Despite being told that Audiobooks are the darling of the publishing industry - the largest growth area in publishing for decades, it seems that rates for all the creatives involved in audiobook production are not showing any improvement. It seems as though a lot of audiobook publishers are asking studios to compete on price rather than on quality? If profits are so high, why are the rates for bread and butter audiobook narrators, not to mention freelance producers, audio proofers, editors and audio engineers in the UK, sinking so low?
Speaking at Frankfurt’s half-day Audiobook Conference, Michele Cobb, executive director of the Audio Publishers Association (APA), highlighted growth in audiobook output and sales in the US (46,000 titles published in 2017 with sales up 23%) and the UK (3,700 titles produced with sales up 16% in 2017). As a percentage of all sales, Cobb said audiobooks were averaging out at around 4% in the major markets, including Germany. In the UK, 36% of audiobook consumers were new to the market in 2017.
So - though we're lagging a long way behind - with just 3,700 UK productions as opposed to an amazing 46,000 in the US. But sales are increasing even in the UK and I can't help feeling that we should be feeling more of this audiobook related golden glow should surely be reflected on this side of the pond? UK sales are a long way off the figures in the US, but although there is certainly not anywhere like as much work available for narrators, many UK studios seem to keep pretty busy, but rates for narrators in the UK appear to be static - I am being offered exactly the same rate (or in some cases rather less) as I was being paid four years ago.
It seems to me, that the Audiobook industry in the UK has become obsessed by bringing down the costs - but at what cost to the listener?
Helen Lloyd - Newsletter 2018
You always knew I was super organised didn’t you?
Here is my latest quarterly update:
‘Life in the Garden’ by Penelope Lively has been published in the US by Penguin Audio.
'Helen Lloyd’s Trina is warm, thoughtful and seeking. The Curator, Anders, who has been fairly recently widowed, is writing to her in his second language, so Lars Knudsen’s Danish accent conveys the differences and distance between them, even as they come to trust and rely on each other as they acknowledge joys and face hard truths about their own lives … to deeply satisfying effect. ' Audiofile Magazine Review
‘Widow’s Wreath – A Martha’s Vineyard Mystery’ by Cynthia Riggs Published by Blackstone Audio.
‘The Allotment Girls’ by Kate Thompson. Published by Whole Story Audiobooks.
‘Lady Osbaldestone and the Missing Christmas Carols’ by Stephanie Laurens This is the second 'Little Moseley' Christmas adventure for the redoubtable Lady O and her grandchildren. Published by Blackstone.
‘The Hour of Death– A Sister Agatha and Father Selwyn Murder Mystery’ by Jane Willan Published by Blackstone.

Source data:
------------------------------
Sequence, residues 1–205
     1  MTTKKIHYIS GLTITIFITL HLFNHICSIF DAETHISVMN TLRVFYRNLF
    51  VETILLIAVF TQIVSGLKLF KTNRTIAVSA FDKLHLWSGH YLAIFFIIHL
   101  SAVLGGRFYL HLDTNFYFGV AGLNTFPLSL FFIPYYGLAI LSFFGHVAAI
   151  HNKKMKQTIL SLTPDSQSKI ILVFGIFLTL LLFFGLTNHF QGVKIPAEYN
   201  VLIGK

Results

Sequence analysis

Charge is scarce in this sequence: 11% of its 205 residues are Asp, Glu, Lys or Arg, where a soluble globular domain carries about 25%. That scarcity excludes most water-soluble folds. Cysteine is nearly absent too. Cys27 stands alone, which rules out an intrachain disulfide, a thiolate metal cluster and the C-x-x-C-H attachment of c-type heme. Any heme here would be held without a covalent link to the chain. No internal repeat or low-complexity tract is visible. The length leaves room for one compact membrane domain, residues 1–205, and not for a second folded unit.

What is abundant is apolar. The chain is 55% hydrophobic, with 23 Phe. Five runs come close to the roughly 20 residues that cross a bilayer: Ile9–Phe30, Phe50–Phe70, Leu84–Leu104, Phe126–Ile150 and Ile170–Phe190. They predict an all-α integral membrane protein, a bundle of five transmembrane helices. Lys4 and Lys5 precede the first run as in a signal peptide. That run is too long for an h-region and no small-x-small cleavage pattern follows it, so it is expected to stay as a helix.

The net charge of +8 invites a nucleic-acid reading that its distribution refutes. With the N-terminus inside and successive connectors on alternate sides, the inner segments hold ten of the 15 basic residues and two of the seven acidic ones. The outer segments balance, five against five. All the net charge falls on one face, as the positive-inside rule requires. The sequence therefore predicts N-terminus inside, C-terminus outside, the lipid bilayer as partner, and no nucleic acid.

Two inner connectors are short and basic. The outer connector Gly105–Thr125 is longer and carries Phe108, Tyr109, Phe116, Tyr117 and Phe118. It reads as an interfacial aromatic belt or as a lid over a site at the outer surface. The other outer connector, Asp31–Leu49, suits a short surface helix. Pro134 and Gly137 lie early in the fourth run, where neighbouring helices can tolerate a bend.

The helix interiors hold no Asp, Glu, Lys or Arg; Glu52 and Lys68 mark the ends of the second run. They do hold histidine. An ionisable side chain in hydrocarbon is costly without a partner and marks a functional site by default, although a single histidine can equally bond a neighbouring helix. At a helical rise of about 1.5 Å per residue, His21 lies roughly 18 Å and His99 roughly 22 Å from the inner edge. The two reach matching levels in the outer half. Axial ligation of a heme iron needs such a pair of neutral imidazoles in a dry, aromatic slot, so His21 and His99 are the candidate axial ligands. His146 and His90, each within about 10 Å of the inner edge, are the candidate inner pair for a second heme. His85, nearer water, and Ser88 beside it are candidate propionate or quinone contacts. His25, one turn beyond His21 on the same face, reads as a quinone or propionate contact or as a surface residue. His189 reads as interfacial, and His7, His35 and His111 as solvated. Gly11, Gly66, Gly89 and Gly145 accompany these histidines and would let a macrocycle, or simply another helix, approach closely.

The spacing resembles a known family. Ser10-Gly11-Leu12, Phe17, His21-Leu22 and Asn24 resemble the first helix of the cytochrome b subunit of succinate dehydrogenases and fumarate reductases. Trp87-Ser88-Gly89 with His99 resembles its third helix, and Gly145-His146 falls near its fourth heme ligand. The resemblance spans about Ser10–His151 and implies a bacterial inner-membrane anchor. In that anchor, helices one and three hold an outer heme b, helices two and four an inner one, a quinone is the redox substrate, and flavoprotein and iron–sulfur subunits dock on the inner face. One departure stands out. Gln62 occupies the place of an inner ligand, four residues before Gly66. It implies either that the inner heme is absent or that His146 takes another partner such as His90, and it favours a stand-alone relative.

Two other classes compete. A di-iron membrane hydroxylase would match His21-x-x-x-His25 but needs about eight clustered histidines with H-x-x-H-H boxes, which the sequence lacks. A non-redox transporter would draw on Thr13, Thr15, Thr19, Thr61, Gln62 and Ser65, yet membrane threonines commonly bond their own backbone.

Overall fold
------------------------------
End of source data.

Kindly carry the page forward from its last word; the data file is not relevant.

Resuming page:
‘But My Brain Had Other Ideas – A Memoir of Recovery from Brain Injury’ by Deb Brandon for Findaway.
AND IN OTHER NEWS: The eagle-eyed among you may have noticed that I have a new headshot. This is a major thing for me, I hate being photographed, but it was comparatively painless. I also have a new logo, and am getting some new voice reels recorded next month.
And due to demand, I am also now offering audiobook narrator personal coaching and am working one to one with a few select narrators.
And finally … after many years as an unrepresented actor, I am delighted to be represented by one of the UK’s foremost voice agencies, Suzy Wootton Voices
Till next time!
Your Natural Voice - Is it 'Authentic'?
Your voice is your voice … or is it?
There is a lot of talk about ‘authenticity’ buzzing around at the moment. Just Google ‘Authentic Voice’ and you’ll see 11,000,000 results. Many of them are about writing, urging authors to find their ‘authentic voice’, but ‘authentic’ also seems increasingly to be seen as a desirable asset for actors. Everyone, it seems, is trying to achieve that ‘an authentic performance’. Surely there can be no such thing! A performance by definition isn't 'real' or 'natural' or 'authentic' - it can never be. It is a performance.
I became ‘bi-lingual’ within a few days of starting school because I knew that if I spoke at school the way I spoke at home, I would sound too different to be accepted by my peers. So I am left struggling with the concept of one voice being more authentic than another - particularly within an audiobook, or any other kind of vocal performance.
We are actors … it is our job to make whatever we are doing believable and authentic. When we act, we aim to create something that is credible and convincing even though we may be playing a character light years away from ourselves in age, in experience and in attitude. And the joy of narration is that we get to play all of the characters - many that we would never be cast as in any other genre - and the narrator's skill is to make every single one of those voice sound 'authentic'.